s the PDM’s campaign against the PTI government “sputtering like a car with a broken gasket”? As evidence of this sharp rebuke, critics point to the “confusion” in PDM ranks about aims and objectives, tactics and strategy, miscommunications and miscalculations, and so on. Their conclusion: Imran Khan and the Miltablishment are solidly entrenched and the PDM is whistling in the dark.
To be sure, the PDM’s prospects would have been brighter if all 11 components had been on the same page on core issues, like the Long March, resignations from the National Assemblies or Provincial Assemblies or both, elections to the Senate, bye-elections to NA and PAs, and targets (Imran Khan, Miltablishment, COAS, DGISI, one or all by turns). But considering the Herculean task of breaking up the powerful Miltablishment edifice on which Imran Khan sits, and the vested personal interests of Miltablishment leaders, compared to the inherent weakness of the PDM in which its components are naturally inclined to pull in different directions owing to their ideological left, right, conservative, religious or pragmatic political leanings, we might reasonably look at the glass as half full and not half empty.
A year ago, Maulana Fazal ur Rahman went on a solo fight to Islamabad and didn’t achieve anything. Today, the PDM is alive and threatening to kick. Last year, the PMLN was led by Shahbaz Sharif and Co who believed in a soft rapprochement with the Miltablishment. Today, the failure of that strategy has created the conditions for the rise of Maryam Nawaz Sharif as a populist heroine under whose banner the PMLN Old Guard has hypnotically fallen in line. A year ago, the predominant narrative in the media was about the corruption of the opposition as laid down by Imran Khan. Today it is about the unaccountable arrogance of the NAB, the corruption and incompetence of the PTI government and the blatant partisanship of the Miltablishment. A year ago, the focus of the debate was on “No NRO for the opposition”. Today, it is “No NRO for Imran Khan”.
But something far more critical and significant has happened along the way that will have a profound bearing on state, democracy and civil society in the longer run. For decades, insignificant sections of disgruntled sub-nationalists on the periphery were known for their anti-Miltablishment views. Today, significant sections of mainstream Pakistan are openly critical of Miltablishment interventions in politics. Yesterday, all political parties were known as children of the Militablishment. Today, most are disavowing their umbilical links with the same Miltablishment. The essential dialectical point to note in this context is not that this factor hasn’t assumed transformational dimensions in the here and now (and hence is unimportant) but that it is inexorably growing after having broken through the “sacred cow” barrier (and is hence very important).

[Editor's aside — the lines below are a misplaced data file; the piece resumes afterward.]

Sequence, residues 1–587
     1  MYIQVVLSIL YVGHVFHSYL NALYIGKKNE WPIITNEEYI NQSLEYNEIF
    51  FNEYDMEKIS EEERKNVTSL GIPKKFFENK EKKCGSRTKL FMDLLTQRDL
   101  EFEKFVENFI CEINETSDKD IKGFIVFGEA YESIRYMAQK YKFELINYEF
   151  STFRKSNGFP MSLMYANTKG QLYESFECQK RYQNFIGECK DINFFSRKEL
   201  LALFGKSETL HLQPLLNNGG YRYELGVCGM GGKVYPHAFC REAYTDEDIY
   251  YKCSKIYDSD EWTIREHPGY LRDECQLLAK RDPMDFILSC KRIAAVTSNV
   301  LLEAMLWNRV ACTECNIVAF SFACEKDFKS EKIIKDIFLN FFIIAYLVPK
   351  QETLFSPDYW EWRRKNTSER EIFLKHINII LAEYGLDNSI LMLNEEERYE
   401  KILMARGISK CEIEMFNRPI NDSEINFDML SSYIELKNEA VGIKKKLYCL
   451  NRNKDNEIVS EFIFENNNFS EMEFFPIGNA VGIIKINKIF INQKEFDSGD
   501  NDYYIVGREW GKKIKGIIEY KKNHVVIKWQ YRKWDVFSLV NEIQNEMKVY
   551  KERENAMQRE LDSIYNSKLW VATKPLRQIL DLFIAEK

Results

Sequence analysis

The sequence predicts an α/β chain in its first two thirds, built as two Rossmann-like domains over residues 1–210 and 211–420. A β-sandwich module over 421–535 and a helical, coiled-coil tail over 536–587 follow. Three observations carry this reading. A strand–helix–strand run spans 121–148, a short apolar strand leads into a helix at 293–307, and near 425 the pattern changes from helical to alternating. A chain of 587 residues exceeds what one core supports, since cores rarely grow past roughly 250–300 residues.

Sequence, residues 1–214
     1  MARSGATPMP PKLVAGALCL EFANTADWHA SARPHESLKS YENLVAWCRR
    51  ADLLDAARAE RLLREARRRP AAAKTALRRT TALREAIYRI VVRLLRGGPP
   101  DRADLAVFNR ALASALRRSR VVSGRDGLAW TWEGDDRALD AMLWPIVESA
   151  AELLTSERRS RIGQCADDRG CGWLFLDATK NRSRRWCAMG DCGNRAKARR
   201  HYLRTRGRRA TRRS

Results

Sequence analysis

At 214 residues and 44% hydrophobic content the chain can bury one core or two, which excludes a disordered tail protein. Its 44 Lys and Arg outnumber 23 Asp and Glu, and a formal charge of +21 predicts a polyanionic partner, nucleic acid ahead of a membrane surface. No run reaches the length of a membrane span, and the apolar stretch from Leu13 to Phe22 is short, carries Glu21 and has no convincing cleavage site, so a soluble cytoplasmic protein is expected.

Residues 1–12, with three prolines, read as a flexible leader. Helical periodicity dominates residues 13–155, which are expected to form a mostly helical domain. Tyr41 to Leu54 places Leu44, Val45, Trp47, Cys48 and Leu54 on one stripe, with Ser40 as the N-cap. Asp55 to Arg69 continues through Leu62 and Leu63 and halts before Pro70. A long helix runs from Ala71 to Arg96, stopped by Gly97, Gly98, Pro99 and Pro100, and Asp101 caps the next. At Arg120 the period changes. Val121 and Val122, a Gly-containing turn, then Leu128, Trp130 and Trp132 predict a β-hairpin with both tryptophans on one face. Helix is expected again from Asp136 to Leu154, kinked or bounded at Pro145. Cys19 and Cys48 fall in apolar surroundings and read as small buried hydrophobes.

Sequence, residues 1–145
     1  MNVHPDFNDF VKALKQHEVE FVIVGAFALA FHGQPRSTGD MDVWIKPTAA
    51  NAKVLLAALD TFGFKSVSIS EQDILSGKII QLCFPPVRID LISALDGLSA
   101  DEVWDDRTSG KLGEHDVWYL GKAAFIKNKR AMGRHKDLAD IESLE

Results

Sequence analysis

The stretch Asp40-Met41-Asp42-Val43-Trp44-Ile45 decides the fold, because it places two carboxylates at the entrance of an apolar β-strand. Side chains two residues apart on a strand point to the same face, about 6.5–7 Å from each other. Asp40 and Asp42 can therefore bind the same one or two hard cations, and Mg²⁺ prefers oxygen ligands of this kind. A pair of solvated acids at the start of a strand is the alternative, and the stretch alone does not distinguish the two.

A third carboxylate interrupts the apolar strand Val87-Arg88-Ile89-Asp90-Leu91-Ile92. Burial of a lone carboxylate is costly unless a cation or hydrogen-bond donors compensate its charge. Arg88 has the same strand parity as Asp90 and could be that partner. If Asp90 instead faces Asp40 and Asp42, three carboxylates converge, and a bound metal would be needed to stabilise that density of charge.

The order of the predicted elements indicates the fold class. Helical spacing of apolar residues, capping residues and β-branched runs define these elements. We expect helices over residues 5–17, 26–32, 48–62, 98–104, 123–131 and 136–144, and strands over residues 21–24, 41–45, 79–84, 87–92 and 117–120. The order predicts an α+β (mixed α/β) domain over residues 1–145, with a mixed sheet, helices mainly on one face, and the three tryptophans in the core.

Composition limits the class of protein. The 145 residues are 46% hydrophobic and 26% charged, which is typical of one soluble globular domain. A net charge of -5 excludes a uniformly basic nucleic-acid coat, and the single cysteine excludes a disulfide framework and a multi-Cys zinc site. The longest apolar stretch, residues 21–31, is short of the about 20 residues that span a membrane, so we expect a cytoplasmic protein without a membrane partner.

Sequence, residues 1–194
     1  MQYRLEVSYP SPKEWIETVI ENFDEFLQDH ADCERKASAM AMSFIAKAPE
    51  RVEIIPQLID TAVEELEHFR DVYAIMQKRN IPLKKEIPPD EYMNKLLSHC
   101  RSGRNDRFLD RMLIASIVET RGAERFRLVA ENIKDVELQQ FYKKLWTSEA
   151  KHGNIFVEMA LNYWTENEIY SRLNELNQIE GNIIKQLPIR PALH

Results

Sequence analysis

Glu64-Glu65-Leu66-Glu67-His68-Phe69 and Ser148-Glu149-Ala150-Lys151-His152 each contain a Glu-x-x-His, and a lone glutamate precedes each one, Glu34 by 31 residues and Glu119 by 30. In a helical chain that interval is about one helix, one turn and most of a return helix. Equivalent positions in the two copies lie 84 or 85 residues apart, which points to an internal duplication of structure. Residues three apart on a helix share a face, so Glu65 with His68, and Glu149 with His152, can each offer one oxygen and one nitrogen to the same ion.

Indeed, those who say that the anti-Miltablishment narrative of Nawaz Sharif and his heir Maryam has hurt the cause of the PDM in general and the PMLN in particular are missing the wood for the trees. It’s true that Nawaz Sharif has paid the price for demanding constitutional rights from the Miltablishment. But it’s more true that taking on the Miltablishment in opposition today is a better bet than continuing to appease it when it has already decided to nurture a hybrid system to the exclusion of the mainstream parties and leaders. Far from diminishing the PMLN’s zero prospects, this policy has compelled the Miltablishment to try and revive the pro-Miltablishment lobby in the PMLN headed by Shahbaz Sharif even as it tries to restrain the anti-national consensus narrative of Imran Khan that has put the Miltablishment in the spotlight for the wrong reasons.
Then there are those cynical empiricists who are looking for data of a popular uprising among the unwashed classes no less than among the trading and professional ones against the government or Miltablishment. And, not finding any such, like the “transformational” Lawyers Movement (that was “transformational” in the opposite sense in the end), wonder how the PDM or PMLN can succeed in this sea of sullen apathy. Of course, they are right. But only until they are proven wrong. It may be recalled that no organized party led the student revolt in 1967 that brought down General Ayub Khan. Zulfiqar Ali Bhutto was sitting prettier in April 1977 (he was gone three months later) than Imran Khan in January 2021; and so on. On the global stage, to mention only the most dramatic, who trotted out any empirical data to forecast the sudden demise of the USSR in 1989, or who identified the hawker whose suicide in Tunisia sparked the Arab Spring, or who anticipated the 9/11 terrorist attack on the World Trade Centre in New York that unleashed unprecedented death and destruction in Afghanistan and the Middle East?
In the final analysis, the PDM’s success or failure will not depend solely on whether it can pull off a mighty heave-ho movement backed by the Punjabi or Pashtun urban middle classes to oust Imran Khan. Nor will it depend only on swelling numbers in jalsas or Long Marches. More likely, it will depend on the nature of the attrition guerilla war against both Imran Khan on the streets and against the Miltablishment in the popular imagination that feeds into continuing political instability and economic uncertainty weakening the rationale of the hybrid regime. With or without the PPP, the most potent weapon in the PDM’s arsenal is to keep the political pot boiling with parliament in a state of constitutional disrepair through threats of resignation and disruption of bye-elections.
This would lead to the conclusion that sooner or later, the Miltablishment will see Imran Khan and the PTI as part of the problem and not the solution. That’s when a way out of this crisis will be found to salvage the eroding sanctity of the state and its organs.